For a tech startup I worked at, the CTO liked the name Zude. It rhymed with dude. I liked the name Mashpan. It sounded like a home brew device, was a cousin of Mashup and the word Pan stood for “all, complete, total.” (Our product was a web authoring tool used to build websites without code. It was a drag and drop play.) My point? A name should that convey information.
This week I attended a meeting of startups working on their financial pitches as part of Elevate, a Venture Asheville program. Two of the very cool startups have names that make my point. One company is named East Perry, the other Larry. The former sells ethically sourced sheep-skinned home décor while the latter sells a refrigeration device. I can’t go into too much detail on the latter (and changed its masculine name) as the product is proprietary but suffice it to say, Larry doesn’t convey dittly. And though East Perry sounds like a nice street name or address, it too, is not particularly pregnant with meaning.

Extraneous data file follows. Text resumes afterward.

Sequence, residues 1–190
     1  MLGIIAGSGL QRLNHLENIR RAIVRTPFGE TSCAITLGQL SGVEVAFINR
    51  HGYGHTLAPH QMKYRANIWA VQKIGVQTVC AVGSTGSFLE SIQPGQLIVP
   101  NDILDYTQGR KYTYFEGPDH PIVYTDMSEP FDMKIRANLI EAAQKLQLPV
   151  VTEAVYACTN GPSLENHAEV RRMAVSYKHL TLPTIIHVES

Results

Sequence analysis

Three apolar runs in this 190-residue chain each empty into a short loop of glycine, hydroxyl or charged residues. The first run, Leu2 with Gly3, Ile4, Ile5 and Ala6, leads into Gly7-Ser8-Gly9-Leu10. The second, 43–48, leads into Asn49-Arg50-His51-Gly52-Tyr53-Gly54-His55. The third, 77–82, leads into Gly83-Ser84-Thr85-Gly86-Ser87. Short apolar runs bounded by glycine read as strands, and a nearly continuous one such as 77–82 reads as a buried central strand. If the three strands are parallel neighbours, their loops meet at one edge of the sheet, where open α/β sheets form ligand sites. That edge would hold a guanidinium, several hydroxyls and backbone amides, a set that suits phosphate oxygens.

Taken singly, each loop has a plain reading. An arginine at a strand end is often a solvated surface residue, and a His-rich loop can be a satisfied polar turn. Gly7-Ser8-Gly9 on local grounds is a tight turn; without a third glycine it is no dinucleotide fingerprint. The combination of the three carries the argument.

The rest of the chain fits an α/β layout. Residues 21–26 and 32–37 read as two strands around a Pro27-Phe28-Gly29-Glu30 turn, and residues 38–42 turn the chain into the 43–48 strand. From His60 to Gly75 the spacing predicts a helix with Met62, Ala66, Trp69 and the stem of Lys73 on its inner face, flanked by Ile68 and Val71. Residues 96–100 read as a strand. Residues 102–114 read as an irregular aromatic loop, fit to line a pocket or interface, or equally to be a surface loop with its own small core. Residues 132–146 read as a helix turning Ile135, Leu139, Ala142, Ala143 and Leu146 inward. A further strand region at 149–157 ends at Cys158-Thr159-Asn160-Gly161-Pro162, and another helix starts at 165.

Naming takes time, energy and forethought. Words are important. In the way they sound. Their harmony. Their poetry (East Perry ticks that box.) But most importantly, what a brand name conveys informationally is mission one.
Get your name right and the first step of branding is complete.